02 Apr The World Is Not Enough
On a good many occasion, we’ll go above and beyond the call of duty during fabrication. Let’s give you one example that’s currently going on.
You may remember Anthony’s C55 from the blog last week, where we chronicled its exterior upgrades in the way of yellow-painted calipers, tires and helmet. Along with that, he was receiving a new fiberglass rear bumper, which we’ve since painted and installed. While the bumper’s trim pieces are drying and waiting to be applied, we went about updating Anthony’s rear end with another unique touch — a custom rear section for his exhaust. A long, long time ago in a galaxy not too far away from ours, we did a custom midsection for Anthony that went from the headers to about the middle of the car, while retaining the stock AMG muffler setup. That all changes now, with the placement of the first piece, a pass-through resonator to cut down on some of the drone.
And as always, as the 309 stainless was being assembled to connect the resonator to, you know, something, we made sure to crank our shop Nikon’s zoom up to 55mm in an attempt to capture the properly thin beads from our TIG welding.
During what felt like a very quick lunch, we came back over to fabrication to find a nearly complete exhaust system. As always, the speed of fabrication can reach astounding levels when one is busy consuming a steak quesadilla. So in order to make up for that, we tried to capture some more lovely welds. You may notice that they’re a bit more technicolor than usual — we’re fiddling with the (albeit paltry) flash settings in order to change things up a bit. That way, we don’t need to rely on a steady hand and a high ISO in order to take pictures of the welds while the exhaust is still on the car.
If you noticed from earlier, we changed the number of outlets on the exhaust from the OEM two, to just one. We’ll show you what’s going to take the other half’s place in a different blog post, but for now let’s focus on what we decided to do with the single exhaust outlet that’s been constructed. As we’ve done in the past, and plan to do in the future, we went with a turndown tip. Not only is it a distinct feature (while not for everybody, we happen to enjoy them), but it also serves to help route the exiting exhaust gas down and away from the car, giving it less of a chance to pour the noxious fumes all over the new rear bumper.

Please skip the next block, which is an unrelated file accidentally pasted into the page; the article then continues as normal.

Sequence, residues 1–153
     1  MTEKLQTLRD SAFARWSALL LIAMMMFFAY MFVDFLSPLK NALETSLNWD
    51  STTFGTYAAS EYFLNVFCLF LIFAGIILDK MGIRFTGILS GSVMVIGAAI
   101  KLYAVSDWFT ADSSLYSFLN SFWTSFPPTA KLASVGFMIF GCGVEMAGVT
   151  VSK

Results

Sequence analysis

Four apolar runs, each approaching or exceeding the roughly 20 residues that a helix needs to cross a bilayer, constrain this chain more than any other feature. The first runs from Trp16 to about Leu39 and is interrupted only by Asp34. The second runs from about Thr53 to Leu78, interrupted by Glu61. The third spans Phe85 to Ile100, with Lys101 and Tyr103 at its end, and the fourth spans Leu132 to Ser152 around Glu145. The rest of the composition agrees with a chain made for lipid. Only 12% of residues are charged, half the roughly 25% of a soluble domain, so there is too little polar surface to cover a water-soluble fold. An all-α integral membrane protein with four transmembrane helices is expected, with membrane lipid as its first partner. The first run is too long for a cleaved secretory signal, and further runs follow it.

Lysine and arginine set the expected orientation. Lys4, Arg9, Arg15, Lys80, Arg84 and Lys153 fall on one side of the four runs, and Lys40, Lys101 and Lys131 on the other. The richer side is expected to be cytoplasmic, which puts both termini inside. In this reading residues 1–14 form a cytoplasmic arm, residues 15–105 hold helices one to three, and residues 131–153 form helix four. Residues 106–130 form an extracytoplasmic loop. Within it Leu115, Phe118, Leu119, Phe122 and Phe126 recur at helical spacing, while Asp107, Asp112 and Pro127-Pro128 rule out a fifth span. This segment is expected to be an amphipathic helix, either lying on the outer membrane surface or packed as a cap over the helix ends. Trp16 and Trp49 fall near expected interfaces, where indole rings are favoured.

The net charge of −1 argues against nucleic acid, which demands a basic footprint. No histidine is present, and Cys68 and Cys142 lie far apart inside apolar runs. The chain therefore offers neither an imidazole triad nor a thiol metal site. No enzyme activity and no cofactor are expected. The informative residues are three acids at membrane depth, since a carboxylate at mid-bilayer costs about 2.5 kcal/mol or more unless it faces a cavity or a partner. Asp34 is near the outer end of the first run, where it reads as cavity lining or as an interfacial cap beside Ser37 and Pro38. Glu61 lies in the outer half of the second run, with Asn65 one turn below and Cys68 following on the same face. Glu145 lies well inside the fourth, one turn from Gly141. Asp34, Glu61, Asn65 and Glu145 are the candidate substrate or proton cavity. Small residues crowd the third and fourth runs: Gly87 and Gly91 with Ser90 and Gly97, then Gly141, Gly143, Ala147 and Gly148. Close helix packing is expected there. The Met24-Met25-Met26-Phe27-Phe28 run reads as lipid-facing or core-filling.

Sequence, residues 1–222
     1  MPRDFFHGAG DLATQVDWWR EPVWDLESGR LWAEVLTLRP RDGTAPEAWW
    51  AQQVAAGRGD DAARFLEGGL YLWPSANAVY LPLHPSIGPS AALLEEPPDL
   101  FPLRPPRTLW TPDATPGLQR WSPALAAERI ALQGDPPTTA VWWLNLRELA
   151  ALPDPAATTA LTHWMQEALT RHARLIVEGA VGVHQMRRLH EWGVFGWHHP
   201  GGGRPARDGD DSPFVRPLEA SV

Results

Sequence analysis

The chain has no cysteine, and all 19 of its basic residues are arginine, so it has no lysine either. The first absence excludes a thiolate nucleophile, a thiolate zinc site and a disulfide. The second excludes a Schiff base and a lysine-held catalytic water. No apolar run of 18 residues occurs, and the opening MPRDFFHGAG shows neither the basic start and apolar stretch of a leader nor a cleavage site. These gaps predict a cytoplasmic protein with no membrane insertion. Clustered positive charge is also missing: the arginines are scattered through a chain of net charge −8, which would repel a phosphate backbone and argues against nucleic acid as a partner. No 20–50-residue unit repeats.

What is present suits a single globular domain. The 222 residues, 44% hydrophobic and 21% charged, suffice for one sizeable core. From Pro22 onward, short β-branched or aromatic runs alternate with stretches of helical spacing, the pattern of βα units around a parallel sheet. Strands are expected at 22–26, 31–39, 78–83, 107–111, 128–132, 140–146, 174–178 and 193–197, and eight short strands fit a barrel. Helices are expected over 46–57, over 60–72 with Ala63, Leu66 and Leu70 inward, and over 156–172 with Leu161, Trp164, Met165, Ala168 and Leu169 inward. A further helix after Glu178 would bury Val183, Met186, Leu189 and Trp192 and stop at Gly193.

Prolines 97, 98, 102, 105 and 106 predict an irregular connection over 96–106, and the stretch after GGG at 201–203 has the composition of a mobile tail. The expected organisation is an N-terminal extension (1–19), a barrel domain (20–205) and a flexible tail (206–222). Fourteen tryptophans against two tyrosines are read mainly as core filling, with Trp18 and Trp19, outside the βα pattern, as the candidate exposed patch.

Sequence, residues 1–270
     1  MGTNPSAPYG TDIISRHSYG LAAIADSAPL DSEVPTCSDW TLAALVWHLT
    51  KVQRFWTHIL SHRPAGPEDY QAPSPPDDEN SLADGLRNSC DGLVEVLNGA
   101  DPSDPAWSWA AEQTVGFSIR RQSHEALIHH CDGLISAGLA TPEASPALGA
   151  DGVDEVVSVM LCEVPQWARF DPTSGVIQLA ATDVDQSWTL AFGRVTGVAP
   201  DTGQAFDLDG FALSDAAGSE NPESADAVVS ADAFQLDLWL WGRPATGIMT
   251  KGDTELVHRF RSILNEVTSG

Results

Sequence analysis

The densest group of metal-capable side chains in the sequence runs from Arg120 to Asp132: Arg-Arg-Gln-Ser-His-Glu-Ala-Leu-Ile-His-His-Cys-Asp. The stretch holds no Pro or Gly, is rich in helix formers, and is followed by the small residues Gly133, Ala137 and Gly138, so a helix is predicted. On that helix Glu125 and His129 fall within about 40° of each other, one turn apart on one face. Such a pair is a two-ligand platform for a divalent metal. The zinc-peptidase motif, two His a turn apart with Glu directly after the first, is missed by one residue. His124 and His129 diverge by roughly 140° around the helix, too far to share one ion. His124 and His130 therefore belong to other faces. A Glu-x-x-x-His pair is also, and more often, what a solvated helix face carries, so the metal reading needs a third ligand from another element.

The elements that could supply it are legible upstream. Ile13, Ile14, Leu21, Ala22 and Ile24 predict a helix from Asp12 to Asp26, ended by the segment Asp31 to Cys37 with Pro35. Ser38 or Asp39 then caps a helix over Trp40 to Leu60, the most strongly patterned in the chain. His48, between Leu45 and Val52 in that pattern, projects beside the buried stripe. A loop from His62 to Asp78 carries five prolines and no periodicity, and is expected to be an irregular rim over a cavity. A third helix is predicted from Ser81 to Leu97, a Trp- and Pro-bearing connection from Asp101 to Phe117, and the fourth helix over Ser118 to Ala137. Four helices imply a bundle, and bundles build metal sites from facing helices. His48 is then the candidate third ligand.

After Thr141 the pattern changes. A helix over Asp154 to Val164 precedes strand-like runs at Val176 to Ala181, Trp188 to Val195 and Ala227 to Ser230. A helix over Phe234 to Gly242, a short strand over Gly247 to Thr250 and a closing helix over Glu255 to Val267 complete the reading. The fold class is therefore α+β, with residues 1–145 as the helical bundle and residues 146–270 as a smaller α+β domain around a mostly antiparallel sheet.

And if you know us, when it comes to modifications, the world is not enough — we always want more, there’s always more to do. Such is the case with Anthony’s new rear bumper. The diffuser at the bottom of the bumper had a TON of area to suck up air and mess with downforce, so we added an aluminum piece that runs from just in front of the differential cooler and connects to the bumper’s diffuser. Now he won’t suffer as many ill effects from improper turbulence behind the bumper, and it adds a bit more of a race-ready aesthetic to the rear end.
Before we get into this next set of pictures, we’ll give you a little insight that we’ve picked up over years of body work. When you buy a fiberglass aftermarket bumper, whether it’s the front or the rear, it will never sit like OEM directly from the box. Usually you’ll have to adjust certain parts to your liking and undergo a bit of filling-in where the fiberglass gets wavy, and even then, it may take a few more hours than anticipated to get the correct fitment you desire. On Anthony’s bumper, the forward-most parts of the bumper (that make up the shape of the fender arches) were a bit bowed out, even after tens of additional hours of work on it. Therefore, fabrication came up with a quick solution to fix the bowed-out parts — two bars, running from the bottom of the bumper to the aluminum undershield, with adjustable links to help position the rear bumper’s edges perfectly.
We still have one more bit for the C55 in store, so stay tuned and have a great week!